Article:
Bsergonomics From United Kingdom, joined Jan 2002, 462 posts, RR: 0
Reply 1, posted (14 years 3 weeks 5 days 15 hours ago) and read 3440 times:
Four words: Weight, Balance, Commonality and Maintenance. Oh, and aerodynamics.
The three engine design essentially means one engine at the nose or tail end of the fuselage. This causes stress on the fuselage (thus reducing lifespan) in a manner that it different to mounting the engines symmetrically on the wings.
You want all engines on the a/c to be the same, in order to minimise spares, crew training etc. When fuselage internal volume is at a premium, locating an engine in there as well is undesirable.
A fuselage-mounted engine is more difficult to access than one slung under the wing. This increases maintenance costs and turnaround times. This is a critical factor.
An engine (ideally) wants a "clean" airflow to suck in and push out. Therefore, (ideally), a fuselage-mounted engine would have air intakes at the front (or high) and exhaust at the rear, with the engine somewhere in between. This has structural, weight and accessibility implications.
Finally, why use three engines when you can use two? And if you need a larger MTOW, longer range etc., why use three engines when four will do the trick, at lower power per engine (thus increasing engine life), using variations on existing wing/fuselage designs (rather than new developments).
Not all of these arguments are applicable to all a/c and situations, but a combination of them means that the 2/4 engines, symmetrically mounted on the wings, is the preferred option.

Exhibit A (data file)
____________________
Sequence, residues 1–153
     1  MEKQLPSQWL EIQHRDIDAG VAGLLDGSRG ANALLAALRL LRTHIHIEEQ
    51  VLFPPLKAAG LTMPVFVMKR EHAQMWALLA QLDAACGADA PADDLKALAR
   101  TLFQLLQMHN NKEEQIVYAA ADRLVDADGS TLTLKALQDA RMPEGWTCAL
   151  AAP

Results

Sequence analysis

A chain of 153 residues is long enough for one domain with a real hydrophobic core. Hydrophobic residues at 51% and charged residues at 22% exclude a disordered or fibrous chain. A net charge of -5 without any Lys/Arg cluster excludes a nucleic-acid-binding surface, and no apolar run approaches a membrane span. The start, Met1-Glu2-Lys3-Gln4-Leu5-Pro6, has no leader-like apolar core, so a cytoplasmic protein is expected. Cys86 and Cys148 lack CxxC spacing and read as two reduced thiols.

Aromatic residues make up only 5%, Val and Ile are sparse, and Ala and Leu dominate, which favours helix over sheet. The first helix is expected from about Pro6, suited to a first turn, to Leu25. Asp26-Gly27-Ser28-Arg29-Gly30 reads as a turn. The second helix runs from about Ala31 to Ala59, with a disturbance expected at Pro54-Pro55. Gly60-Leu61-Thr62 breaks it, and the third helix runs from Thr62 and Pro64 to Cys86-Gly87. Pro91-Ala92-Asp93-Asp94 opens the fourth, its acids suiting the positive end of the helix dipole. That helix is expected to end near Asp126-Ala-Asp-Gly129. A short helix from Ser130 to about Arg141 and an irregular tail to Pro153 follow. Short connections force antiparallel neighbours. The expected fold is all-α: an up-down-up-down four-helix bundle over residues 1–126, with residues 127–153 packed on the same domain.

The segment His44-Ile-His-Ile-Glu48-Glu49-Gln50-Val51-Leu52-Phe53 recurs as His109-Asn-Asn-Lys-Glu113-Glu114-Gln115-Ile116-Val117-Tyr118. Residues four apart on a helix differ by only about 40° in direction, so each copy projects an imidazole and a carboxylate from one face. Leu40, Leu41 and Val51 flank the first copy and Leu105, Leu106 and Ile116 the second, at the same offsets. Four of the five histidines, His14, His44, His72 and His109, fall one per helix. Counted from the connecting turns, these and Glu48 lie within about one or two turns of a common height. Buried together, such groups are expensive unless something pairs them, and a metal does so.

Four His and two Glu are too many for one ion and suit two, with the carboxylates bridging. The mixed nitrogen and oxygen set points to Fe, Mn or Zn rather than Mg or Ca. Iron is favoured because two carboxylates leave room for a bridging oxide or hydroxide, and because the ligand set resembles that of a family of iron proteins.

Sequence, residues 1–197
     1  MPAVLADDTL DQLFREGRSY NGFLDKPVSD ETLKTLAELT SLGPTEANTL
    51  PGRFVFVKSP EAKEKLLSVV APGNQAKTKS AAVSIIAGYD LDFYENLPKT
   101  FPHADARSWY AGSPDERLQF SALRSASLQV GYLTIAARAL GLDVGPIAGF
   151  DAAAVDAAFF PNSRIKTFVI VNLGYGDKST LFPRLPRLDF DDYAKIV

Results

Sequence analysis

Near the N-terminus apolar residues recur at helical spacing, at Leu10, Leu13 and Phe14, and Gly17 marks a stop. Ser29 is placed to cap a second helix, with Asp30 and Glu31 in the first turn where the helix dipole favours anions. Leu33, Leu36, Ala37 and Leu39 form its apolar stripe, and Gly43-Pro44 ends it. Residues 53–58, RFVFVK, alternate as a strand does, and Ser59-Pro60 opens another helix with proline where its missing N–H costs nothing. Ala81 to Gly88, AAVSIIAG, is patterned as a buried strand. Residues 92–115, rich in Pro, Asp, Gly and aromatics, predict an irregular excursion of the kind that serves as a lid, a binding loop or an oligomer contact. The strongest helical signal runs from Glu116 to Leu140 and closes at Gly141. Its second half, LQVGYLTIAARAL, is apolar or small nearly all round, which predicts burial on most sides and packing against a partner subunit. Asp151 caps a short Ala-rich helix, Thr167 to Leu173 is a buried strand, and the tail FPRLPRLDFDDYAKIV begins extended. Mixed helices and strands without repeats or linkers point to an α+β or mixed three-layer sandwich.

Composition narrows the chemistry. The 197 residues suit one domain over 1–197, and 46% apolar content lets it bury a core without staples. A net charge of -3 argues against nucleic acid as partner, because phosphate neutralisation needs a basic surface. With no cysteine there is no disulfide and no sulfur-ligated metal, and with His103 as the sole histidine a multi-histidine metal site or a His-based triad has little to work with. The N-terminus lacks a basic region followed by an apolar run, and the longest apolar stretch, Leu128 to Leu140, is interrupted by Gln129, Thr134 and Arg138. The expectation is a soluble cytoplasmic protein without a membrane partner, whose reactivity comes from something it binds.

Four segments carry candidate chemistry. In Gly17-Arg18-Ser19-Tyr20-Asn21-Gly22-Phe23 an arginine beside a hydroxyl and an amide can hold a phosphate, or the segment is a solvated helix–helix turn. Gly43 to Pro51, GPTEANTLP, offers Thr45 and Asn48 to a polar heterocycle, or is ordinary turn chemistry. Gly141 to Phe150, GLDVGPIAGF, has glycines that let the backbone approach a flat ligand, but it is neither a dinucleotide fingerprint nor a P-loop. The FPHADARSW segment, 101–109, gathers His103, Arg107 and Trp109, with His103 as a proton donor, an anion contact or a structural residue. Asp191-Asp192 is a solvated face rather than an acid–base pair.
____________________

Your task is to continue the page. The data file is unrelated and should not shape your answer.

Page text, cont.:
The definition of a 'Pessimist': an Optimist with experience...
Airplay From , joined Dec 1969, posts, RR:
Reply 8, posted (14 years 3 weeks 1 day ago) and read 3148 times:
Over the years the requirements for trans-oceanic flight have evolved. 3 and 4 engine aircraft were developed for certain longer routes for safety reasons. Obviously, if a pre-determined engine failure probabilty was too low, adding engines would reduce the probability that the airplane could not make it's destination.
Some Newer modern twin engine aircraft can now be eligible for ETOPS certification (Extended Range Twin Engine Operations). This enables an operator to bypass regulations requiring 3 or 4 engines only if they pass the eligibility criteria. Not only does the aircraft need to conform, but the operations and maintenance procedures of the airline are put under scrutiny.
NDSchu777 From United States of America, joined Oct 2001, 419 posts, RR: 3
Reply 9, posted (14 years 2 weeks 6 days 7 hours ago) and read 3089 times:
and i believe that tail-mounted engines, like on the DC-10 or L1011, are pretty expensive to design and build, plus they making maintenance more difficult since unlike having 2 or four similar wing-mounted engines, your trijet has two wing mounted (or in the case of the 727, rear fusalage-mounted) engines, with the tail-mounted engine different than the other two requiring some different maintanance.